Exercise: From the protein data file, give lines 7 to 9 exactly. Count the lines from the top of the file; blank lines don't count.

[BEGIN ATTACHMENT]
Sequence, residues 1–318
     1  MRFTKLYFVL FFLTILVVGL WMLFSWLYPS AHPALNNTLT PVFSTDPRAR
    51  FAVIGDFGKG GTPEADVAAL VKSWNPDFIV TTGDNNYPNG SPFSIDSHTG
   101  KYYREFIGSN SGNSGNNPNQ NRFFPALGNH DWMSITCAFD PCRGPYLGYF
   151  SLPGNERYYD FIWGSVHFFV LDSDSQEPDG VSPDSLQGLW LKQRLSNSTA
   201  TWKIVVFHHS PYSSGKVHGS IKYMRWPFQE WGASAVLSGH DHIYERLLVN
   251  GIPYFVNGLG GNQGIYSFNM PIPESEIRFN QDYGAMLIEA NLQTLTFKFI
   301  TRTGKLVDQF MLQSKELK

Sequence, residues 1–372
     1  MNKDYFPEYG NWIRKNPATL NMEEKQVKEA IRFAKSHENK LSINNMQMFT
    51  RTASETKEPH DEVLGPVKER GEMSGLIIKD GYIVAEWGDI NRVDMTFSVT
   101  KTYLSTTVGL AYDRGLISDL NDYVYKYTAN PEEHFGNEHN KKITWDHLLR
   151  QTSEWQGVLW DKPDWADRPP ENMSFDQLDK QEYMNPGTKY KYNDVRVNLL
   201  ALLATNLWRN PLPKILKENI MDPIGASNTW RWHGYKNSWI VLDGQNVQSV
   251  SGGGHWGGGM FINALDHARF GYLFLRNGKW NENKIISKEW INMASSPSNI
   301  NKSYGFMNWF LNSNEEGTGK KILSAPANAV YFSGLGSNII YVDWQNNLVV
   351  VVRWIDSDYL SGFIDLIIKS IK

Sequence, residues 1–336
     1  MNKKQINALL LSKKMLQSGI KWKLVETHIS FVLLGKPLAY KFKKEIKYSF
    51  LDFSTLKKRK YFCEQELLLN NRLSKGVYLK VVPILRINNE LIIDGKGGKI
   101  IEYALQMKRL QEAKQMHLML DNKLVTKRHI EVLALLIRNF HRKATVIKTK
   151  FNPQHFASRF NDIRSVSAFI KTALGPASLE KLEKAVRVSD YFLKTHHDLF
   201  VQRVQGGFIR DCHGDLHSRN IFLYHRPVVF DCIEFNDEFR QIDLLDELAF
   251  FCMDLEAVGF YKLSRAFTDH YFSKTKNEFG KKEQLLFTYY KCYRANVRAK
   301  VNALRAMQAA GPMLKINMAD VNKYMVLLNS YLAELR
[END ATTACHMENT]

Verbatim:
   251  GIPYFVNGLG GNQGIYSFNM PIPESEIRFN QDYGAMLIEA NLQTLTFKFI
   301  TRTGKLVDQF MLQSKELK

Sequence, residues 1–372